You don’t have writer’s block, but you are distracted.

For me, it is incredibly challenging to write at home. Sometimes, I sit on my couch and churn out 1,000 words. Most times, though, I start to write and then get distracted by the pillows on the couch or the dishwasher or how nice it looks outside. I’m the kind of person that likes to “clock in” to writing, and for me, that means that I often need a change of scenery. To make that happen this past month, I would make it a point to migrate to a coffee shop at least once a day so that I could focus. The coffee shop made me feel like I was going to work, and I got a lot done in only an hour or so. Then, when I went home, I usually still felt inspired and got even more work done. Dishwasher be damned!

Thanks for the chai-fueled inspiration, M Street Coffee!

Thanks for the chai-fueled inspiration, M Street Coffee!

Go to the park. Go to the library. Get out of the house and find your “office” where the writing will happen. Plus, if you buy a $4 chai tea latte and don’t do any writing, you are going to feel miserable. Stay at that coffee shop until you’ve written 1,000 words (or whatever your goal for the day is). Chances are, you will at least produce something!

You don’t have writer’s block, but you are in need of some guidance.

As I mentioned above, a lot of “stuck” places come because you don’t know what is going to happen next. A lot of writers hate outlines (I love them) and choose to write without them. That’s fine, and if it works for you, I’m happy for you. But here’s the problem with writing without a map: writers end up writing the same story for years because they have no idea where it ends or how it ends.

My number one advice is to find a style of outlining that works for you and try it. I like the mythic structure outlined in The Writer’s Journey because it’s so pliable. I’m not a write-by-numbers kind of writer, but I like the basic structure of the hero’s journey. I deviate from the outline quite often, but it’s a good place to start and makes me answer serious questions about my characters’ hopes, dreams, desires, obstacles, and more.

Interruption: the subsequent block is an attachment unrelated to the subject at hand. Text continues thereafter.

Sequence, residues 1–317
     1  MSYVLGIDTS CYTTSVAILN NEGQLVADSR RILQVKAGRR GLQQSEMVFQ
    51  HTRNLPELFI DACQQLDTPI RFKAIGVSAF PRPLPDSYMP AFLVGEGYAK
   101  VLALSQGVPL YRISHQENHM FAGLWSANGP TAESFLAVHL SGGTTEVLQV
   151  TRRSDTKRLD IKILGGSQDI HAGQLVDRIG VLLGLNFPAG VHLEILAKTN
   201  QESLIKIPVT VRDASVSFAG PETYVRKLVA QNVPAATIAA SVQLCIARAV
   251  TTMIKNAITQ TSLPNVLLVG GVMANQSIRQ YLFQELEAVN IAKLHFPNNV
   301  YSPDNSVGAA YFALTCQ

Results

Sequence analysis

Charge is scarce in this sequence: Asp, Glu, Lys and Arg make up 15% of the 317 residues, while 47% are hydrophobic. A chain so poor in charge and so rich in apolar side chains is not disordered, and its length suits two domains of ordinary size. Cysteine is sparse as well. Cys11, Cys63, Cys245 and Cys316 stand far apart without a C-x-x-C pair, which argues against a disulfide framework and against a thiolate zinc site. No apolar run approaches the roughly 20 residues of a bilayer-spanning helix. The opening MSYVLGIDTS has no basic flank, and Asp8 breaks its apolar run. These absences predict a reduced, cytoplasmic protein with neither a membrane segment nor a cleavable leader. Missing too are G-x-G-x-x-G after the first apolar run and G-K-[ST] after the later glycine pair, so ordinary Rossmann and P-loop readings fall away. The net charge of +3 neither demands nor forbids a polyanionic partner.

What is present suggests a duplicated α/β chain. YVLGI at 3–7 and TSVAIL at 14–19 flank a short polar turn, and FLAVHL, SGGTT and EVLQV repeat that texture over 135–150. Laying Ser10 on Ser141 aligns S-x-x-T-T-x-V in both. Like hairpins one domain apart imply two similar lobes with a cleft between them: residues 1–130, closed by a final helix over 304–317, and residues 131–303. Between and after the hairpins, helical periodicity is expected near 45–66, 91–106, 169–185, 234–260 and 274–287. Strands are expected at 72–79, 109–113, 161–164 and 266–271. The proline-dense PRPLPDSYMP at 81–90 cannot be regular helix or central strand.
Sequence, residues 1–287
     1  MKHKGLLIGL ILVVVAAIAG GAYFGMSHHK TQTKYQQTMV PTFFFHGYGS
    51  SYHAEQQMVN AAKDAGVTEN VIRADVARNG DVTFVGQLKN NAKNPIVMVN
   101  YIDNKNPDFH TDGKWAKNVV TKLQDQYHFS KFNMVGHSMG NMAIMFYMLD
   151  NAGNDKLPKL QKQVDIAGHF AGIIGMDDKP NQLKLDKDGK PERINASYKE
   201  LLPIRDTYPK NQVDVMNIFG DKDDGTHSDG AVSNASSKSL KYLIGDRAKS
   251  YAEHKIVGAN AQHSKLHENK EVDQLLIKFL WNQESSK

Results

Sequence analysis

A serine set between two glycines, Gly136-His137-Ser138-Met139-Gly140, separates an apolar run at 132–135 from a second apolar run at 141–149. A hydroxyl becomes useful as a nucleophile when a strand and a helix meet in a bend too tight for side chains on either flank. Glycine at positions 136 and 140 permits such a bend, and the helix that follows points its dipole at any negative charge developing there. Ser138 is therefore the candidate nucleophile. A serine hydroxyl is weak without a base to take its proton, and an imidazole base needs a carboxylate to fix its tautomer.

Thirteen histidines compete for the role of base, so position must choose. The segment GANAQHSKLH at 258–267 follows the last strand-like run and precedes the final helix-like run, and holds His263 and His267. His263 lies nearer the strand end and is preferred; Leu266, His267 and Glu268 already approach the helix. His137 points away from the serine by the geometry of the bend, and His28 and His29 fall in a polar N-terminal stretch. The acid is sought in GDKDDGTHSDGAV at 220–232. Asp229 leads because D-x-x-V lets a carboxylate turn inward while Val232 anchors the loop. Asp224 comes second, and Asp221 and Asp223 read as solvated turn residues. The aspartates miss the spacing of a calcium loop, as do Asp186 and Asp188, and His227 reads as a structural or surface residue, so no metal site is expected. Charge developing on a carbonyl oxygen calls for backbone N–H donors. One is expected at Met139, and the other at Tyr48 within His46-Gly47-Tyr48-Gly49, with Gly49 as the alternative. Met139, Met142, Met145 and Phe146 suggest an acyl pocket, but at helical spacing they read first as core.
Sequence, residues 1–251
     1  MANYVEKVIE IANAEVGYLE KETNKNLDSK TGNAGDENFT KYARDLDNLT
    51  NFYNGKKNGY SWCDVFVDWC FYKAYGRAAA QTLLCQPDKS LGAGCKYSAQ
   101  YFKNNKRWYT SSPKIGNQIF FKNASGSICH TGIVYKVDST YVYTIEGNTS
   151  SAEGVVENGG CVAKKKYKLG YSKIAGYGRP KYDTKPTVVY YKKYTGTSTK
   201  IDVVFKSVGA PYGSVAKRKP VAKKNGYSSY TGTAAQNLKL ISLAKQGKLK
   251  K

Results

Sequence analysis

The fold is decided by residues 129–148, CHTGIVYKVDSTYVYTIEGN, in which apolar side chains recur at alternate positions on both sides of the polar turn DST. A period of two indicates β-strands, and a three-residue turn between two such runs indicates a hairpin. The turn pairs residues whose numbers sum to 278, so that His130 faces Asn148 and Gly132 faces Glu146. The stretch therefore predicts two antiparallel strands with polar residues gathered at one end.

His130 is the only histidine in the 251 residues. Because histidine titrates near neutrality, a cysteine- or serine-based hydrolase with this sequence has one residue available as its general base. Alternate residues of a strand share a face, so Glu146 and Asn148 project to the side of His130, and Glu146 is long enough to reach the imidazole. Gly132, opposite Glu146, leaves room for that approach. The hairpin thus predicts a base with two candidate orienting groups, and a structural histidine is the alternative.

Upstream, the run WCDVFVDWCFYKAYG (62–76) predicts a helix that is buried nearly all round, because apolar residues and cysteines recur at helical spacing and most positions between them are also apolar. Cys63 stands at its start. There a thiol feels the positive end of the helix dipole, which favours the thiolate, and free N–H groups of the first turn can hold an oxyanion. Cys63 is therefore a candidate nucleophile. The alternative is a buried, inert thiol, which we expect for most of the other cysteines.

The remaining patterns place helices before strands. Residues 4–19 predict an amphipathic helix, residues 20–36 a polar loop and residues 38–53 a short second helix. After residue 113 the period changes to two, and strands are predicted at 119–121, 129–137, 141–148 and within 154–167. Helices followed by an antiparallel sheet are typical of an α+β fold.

Also, when I find a rough patch of the story, it’s really helpful to open up The Writer’s Journey and read about what other stories do at that point. Is there usually a face-off with the villain? Should I try that? Is there a mentor in my story? Do I need that? The answer won’t always be “yes,” and sometimes I’ll try something and it won’t work. But it usually shakes up my writing and gives me ideas, and that’s essentially to producing work.

Master writers.

Master writers.

If you find that you are struggling with a scene, pack up some writing books (three of my favorites are pictured here), go to your office, and read up. Flip to random chapters or, if you’re like me, reread parts that you’ve bookmarked as helpful in the past. There are ideas waiting for you in those pages if you’re willing to use them.

You don’t have writer’s block, but you do need a break.

This past month, I’ve been writing 4,000+ words a day on average. That is way more than I normally write, but I was able to do it thanks to the strategies above. However, I would not have been able to do it if I didn’t give myself moments to just enjoy the summer. In addition to writing this summer, I’ve met up with old friends, gone to the beach, gotten ice cream, gone shopping, and more. Writing needs life in order to flourish. If your writing has hit a wall, consider calling up someone to go get coffee or go to a museum. Talk to people and enjoy your life, and then come home and try to look at that blank Word document in a new way.

Do not miss out on beautiful days like this. They will make your writing so much better.

Do not miss out on beautiful days like this. They will make your writing so much better.

It’s okay if you only write 40 words on one day. If you’re stuck, go walk your dog or make a salad or something. Listen to some new music while you drive into a new town. Try a new restaurant. Then, go to your office the next day and make things happen.

Remember, believing in writer’s block is essentially telling yourself that you cannot write for whatever reason. Take a good look at what is actually holding you back, address it, and get back to producing. You are a writer, and as long as you keep the pen (or the keys) moving, there is nothing that can hold you back.

Summer goals!

Tuesday, June 10th 2014 • Advice, Goals

Books!